Those particulars aside, East Bay board member Rebecca Saltzman said the biggest impact for BART's long- and loudly suffering ridership is the expected impact on relieving crowding on the system.
"They're going to bring added capacity since we'll have more train cars," Saltzman said. "So ultimately it means that those eight- or nine-car trains we're running during commute hours will turn into 10-car trains. It's going to be a huge relief to BART riders."
Original post: State regulators have given the green light for BART to begin carrying passengers on the first 10 of its new "Fleet of the Future" cars.
The California Public Utilities Commission told BART General Manager Grace Crunican in a letter released Wednesday evening (embedded below) that it considered a test run last week to have been a success. The test, conducted Jan. 9 with CPUC inspectors aboard, ran a train consisting of 10 cars through the entire BART system. (In transit agency argot, the train was a "10-car consist.")
Only one glitch was reported during the run, when train doors failed to open at the downtown Berkeley station. BART attributed that hiccup to a problem with trackside equipment, not with the cars themselves.
The CPUC's approval applies only to the 10 cars involved in the test run.
The commission's action has now prompted BART to prepare to put a train with those 10 approved cars into service in the coming days, agency spokeswoman Alicia Trost said in an email Thursday morning.
BART says Montreal-based manufacturer Bombardier has delivered another 10 cars, but the CPUC said that, "given the experience on the first group of cars," it will require the next 10-car group to undergo a test run identical to the one conducted last week. Cars received in the future are expected to be subjected to a more streamlined approval process.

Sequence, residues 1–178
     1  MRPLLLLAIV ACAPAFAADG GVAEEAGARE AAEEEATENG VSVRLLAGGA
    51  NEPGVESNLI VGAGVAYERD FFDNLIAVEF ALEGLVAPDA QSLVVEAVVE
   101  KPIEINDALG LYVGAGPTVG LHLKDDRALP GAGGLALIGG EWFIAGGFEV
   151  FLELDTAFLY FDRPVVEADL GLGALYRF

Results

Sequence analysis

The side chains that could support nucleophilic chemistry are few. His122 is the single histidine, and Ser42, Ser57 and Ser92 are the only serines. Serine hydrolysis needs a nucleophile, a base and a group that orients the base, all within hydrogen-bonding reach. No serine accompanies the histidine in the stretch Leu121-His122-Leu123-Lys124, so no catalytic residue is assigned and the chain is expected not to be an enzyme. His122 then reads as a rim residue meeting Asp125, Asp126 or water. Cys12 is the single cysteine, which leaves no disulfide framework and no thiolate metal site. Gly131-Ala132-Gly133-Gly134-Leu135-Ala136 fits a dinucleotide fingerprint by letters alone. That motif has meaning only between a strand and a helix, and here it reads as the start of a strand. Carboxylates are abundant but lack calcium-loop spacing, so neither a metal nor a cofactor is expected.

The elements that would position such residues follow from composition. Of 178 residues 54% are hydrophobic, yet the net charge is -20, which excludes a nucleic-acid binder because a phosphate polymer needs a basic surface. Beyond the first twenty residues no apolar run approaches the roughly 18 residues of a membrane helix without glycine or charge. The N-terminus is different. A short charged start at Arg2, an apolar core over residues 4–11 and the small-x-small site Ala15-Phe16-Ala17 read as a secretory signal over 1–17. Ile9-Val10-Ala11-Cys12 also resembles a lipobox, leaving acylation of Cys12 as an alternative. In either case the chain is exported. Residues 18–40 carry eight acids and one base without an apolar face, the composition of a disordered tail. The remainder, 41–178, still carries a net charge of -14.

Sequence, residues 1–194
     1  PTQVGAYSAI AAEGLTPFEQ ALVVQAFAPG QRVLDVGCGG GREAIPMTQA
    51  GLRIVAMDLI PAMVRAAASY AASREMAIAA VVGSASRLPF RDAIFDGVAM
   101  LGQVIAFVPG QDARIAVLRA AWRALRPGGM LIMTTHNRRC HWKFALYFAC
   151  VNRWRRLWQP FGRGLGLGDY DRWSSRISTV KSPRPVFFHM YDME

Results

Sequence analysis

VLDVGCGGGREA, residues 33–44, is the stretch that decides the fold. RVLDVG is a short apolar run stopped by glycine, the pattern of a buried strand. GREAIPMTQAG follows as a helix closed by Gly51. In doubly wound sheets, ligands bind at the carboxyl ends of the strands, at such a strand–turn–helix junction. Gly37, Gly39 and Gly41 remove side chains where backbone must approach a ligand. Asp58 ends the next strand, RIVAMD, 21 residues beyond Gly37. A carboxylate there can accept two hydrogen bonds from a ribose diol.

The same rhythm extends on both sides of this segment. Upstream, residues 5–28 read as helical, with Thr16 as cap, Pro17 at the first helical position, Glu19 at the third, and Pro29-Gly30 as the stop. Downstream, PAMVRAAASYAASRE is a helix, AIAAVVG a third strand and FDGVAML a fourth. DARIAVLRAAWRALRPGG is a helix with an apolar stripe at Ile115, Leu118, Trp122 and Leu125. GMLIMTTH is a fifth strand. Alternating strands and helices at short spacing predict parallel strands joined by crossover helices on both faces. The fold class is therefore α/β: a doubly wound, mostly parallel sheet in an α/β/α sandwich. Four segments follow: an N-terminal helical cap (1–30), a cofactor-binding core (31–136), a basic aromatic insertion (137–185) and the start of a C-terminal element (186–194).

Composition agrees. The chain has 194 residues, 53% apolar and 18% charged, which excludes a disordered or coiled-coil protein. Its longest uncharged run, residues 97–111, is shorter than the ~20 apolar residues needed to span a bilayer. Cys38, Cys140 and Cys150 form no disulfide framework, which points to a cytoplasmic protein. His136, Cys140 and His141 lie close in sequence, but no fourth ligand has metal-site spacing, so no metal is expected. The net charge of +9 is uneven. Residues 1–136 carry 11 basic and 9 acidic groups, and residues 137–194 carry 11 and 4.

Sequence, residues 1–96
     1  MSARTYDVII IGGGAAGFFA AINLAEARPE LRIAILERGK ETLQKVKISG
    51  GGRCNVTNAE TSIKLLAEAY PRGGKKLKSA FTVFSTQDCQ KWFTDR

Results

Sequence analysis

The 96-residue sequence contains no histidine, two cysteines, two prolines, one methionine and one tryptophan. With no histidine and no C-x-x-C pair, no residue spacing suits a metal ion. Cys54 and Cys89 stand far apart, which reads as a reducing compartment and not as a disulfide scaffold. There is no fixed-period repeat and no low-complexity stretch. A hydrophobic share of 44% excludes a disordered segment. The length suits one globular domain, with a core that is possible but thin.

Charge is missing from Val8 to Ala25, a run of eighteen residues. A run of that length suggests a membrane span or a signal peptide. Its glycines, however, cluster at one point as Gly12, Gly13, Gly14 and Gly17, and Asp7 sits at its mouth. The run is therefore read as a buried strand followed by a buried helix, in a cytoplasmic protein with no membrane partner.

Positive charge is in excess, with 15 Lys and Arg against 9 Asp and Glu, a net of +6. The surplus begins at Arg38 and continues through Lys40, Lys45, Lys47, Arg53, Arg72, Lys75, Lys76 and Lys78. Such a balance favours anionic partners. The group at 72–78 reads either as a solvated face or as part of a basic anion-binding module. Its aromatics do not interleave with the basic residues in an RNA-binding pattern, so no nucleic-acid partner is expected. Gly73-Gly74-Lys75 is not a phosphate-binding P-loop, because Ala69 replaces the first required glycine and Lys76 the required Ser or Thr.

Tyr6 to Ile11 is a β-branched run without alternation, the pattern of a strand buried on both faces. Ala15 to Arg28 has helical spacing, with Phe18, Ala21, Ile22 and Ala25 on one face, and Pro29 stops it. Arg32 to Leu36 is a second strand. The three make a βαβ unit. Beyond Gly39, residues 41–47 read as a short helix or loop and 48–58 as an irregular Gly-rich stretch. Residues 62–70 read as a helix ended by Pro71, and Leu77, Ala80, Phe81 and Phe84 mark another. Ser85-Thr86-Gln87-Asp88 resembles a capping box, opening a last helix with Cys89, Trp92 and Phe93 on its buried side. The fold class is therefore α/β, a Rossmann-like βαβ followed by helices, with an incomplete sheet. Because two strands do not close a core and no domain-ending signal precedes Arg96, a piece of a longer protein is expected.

BART first asked the CPUC to grant a safety certification for the new cars on Oct. 30. But commission inspectors withheld the approval after the 10-car pilot train suffered two significant failures during a test run in early November.
At one point, a system that was supposed to help the onboard control computer keep track of the train's length failed. That caused the train to go into a safe mode and operate as if it were a three-car train instead of the 10-car train it actually was.
“And so the trailing seven cars were essentially drones — the doors wouldn’t open and the train operator wasn’t able to control those cars,” BART spokesman Jim Allison said in November.
A separate hardware problem also prevented doors from opening.
The delays caused by those issues added to a long series of delays that have slowed introduction of the new fleet long past its planned late 2016 debut.
BART intends to buy 775 of the cars from Bombardier, at a total cost of about $2.6 billion, to replace its current fleet. The district also hopes to find the cash — perhaps in a regional bridge toll measure expected to go to voters in June — to buy an extra 300 or so cars — a number that would help it to ramp up transbay service and handle expected ridership demand on its Silicon Valley expansion.
This post was updated Thursday morning to include information attributed to a BART spokeswoman.